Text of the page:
But the real reason for the pair’s frequent correspondence and meetings at the BMO Nesbitt Burns office where Mr. Bortolin worked had nothing to do with business attire, according to documents from a regulatory hearing.

Instead, the innocuously titled e-mails were used to arrange cash drops as part of a complex money-laundering scheme.

Documents from a 2012 ruling by the Investment Industry Regulatory Organization of Canada show that Mr. Bortolin helped Mr. Grmovsek open a trading account at a securities dealer in the Bahamas and launder the proceeds of an insider trading scheme through a series of complex overseas transactions.

Mr. Bortolin received a lifetime ban from the securities industry from IIROC in 2012 and was ordered to pay a $500,000 fine and $100,000 in costs. Mr. Grmovsek pled guilty in 2010 to criminal charges of fraud, insider trading and money laundering and received a 39-month jail sentence.

BMO Nesbitt Burns said in a statement it has made continuous improvements in its ability to protect clients and has “robust systems, tools and processes to monitor and respond to risks.”

Because securities dealers don’t typically accept cash, they are rarely the targets during the placement stage, when dirty money is deposited into the financial system. But they can fall prey during the second stage, where ill-gotten gains already in the system are transferred in and out of various accounts and institutions, and in some cases are used to buy stocks, mutual funds and other investment products. The process, known as layering, makes the original source of the funds more difficult to trace.

“You’re not talking about a duffel bag full of cash, so it’s hard to tell a good dollar from a bad dollar once it’s in the system,” Mr. McGuire says.

Amber Scott, an anti-money-laundering specialist at Toronto-based Securefact, says there is often a misconception that securities are “less sexy” to money launderers because they can’t be bought with cash. But the “legitimacy” they provide actually makes them the “gold standard” for laundering money, Ms. Scott says.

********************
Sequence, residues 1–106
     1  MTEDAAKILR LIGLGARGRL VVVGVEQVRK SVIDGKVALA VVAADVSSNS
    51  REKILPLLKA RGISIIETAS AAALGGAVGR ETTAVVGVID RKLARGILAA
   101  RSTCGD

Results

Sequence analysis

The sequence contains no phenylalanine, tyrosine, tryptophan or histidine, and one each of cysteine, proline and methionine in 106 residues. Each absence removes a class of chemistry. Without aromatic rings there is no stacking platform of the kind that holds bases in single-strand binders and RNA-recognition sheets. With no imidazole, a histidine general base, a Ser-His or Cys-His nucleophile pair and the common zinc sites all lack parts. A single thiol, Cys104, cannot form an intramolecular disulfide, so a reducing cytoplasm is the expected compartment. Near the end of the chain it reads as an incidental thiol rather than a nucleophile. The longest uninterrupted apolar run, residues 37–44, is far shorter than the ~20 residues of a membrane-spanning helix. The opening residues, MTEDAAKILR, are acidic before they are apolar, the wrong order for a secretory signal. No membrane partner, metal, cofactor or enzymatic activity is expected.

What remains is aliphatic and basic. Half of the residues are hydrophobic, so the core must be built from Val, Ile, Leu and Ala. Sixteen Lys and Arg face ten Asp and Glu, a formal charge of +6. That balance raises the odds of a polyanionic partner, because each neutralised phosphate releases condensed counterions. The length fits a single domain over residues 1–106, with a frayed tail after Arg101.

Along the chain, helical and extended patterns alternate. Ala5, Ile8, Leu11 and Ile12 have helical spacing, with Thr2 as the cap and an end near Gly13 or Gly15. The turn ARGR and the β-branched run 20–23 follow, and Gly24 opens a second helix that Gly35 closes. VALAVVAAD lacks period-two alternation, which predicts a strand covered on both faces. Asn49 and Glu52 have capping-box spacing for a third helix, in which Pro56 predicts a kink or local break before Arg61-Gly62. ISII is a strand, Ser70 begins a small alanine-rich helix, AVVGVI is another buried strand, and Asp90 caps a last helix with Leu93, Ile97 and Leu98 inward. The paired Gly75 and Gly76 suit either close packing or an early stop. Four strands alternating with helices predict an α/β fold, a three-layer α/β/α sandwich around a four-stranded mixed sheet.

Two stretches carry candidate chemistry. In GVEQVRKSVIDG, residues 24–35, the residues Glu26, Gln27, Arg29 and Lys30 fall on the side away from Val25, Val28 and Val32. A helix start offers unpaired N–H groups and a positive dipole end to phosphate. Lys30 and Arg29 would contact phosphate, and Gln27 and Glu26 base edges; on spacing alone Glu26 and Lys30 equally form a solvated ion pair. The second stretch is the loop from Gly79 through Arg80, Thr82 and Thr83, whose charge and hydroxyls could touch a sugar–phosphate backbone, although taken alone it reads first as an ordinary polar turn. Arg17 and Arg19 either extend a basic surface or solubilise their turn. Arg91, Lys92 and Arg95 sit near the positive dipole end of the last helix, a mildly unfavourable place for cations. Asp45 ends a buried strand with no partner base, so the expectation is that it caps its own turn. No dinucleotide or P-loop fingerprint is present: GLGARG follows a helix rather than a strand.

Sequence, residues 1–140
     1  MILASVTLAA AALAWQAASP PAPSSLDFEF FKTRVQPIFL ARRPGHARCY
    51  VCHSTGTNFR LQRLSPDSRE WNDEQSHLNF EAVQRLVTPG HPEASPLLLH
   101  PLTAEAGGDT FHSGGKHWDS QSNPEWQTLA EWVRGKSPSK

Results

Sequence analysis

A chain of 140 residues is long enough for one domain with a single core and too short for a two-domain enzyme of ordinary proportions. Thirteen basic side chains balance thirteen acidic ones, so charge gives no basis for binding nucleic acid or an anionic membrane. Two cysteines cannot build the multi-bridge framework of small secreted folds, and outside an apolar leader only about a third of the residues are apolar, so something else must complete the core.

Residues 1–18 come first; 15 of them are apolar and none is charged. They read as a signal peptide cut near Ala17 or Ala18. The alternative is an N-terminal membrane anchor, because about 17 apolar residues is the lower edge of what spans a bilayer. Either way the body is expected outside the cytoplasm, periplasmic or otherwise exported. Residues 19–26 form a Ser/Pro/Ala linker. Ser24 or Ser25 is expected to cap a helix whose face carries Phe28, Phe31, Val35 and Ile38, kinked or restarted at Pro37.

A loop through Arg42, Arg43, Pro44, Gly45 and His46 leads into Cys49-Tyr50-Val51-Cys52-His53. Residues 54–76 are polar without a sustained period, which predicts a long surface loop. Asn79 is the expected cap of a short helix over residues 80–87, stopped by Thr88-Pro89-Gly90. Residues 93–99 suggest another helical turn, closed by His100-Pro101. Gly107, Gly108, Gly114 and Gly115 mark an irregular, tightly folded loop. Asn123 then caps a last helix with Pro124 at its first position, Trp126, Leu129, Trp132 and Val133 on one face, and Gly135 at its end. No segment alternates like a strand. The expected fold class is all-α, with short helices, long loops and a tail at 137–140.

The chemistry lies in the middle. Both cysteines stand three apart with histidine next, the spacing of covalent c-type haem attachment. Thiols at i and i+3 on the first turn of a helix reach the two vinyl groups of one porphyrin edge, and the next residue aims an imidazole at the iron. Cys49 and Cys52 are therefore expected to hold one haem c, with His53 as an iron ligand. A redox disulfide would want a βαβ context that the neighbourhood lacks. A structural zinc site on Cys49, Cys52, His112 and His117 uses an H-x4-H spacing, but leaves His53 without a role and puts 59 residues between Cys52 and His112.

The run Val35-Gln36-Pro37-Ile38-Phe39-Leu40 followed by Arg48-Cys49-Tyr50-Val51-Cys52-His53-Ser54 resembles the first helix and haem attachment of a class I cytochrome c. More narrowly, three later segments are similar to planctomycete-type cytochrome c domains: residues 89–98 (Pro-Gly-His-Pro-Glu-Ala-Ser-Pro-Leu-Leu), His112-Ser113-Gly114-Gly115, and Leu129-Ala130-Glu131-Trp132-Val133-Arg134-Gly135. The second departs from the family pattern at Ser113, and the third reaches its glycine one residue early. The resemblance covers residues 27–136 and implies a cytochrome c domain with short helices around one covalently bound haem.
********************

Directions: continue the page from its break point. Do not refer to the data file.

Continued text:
“I want something that looks legitimate if I’m laundering money,” Ms. Scott says. “I want something that’s not going to raise eyebrows. I want that money that’s flowing to another financial institution to come from a Fidelity or a CI Investments or a Manulife, where there’s really not going to be a lot of questions about the pedigree of those funds.”

There are a number of vulnerabilities in the securities industry, including the fact that dealers are typically paid on commission.

“Admittedly there will be a tension between getting the business, because it’s very lucrative in terms of fees, and compliance,” says Peter Aziz, a lawyer at Torys LLP who specializes in anti money laundering.

Experts say that securities dealers may be hesitant to ask tough questions, particularly of high-net-worth clients who demand privacy around their finances.

“They don’t want to offend the client,” Ms. Duhaime says. “They’re afraid they’ll lose the client, that the client will go somewhere else, where they won’t be asked those questions.”

Small dealers may be more exposed to financial crime than larger ones because it’s tougher for them to absorb the costs of implementing a compliance system. “It’s a huge burden on smaller securities dealers,” says Ms. Duhaime, who estimates it costs about $1-million to set up and implement a compliance program.

“It never seems to be enough of a fine to actually hurt their bottom line,” Ms. Duhaime adds. “In Canada, I think some dealers are making strategic decisions that they’re better off to pay the fine because that’s going to cost them less than becoming fully compliant with AML and terrorist financing.”

IIAC’s Ms. Alexander disagrees that dealers permit a higher degree of secrecy for high-net-worth clients. “When a client opens an account, there are specific questions that must be asked to satisfy the AML requirements,” she says. “Those questions have to be answered regardless of who the client is or what their net worth is.”

The fight against money laundering is waged on an ever-shifting landscape. As regulators and financial institutions beef up efforts to identify and deter crime, criminal organizations seem to be one step ahead, seeking new loopholes to exploit. Technological advancements have changed how consumers access financial services, adding another layer of complexity.

“It’s constantly changing,” says Ms. Alexander, noting that firms are increasingly adding new clients online.

“In the old days you had only the face-to-face method, where somebody would come in and have to bring a driver’s license or passport, but obviously we’ve moved beyond that in terms of the technological capabilities,” she said.

The federal Department of Finance is currently reviewing Canada’s anti-money-laundering regime, as it’s required to do every five years.

“The money-laundering and terrorist-financing environment has evolved since the last review was completed in 2013,” the department says in a consultation paper published earlier this year, “and these crimes continue to pose a threat to national security.”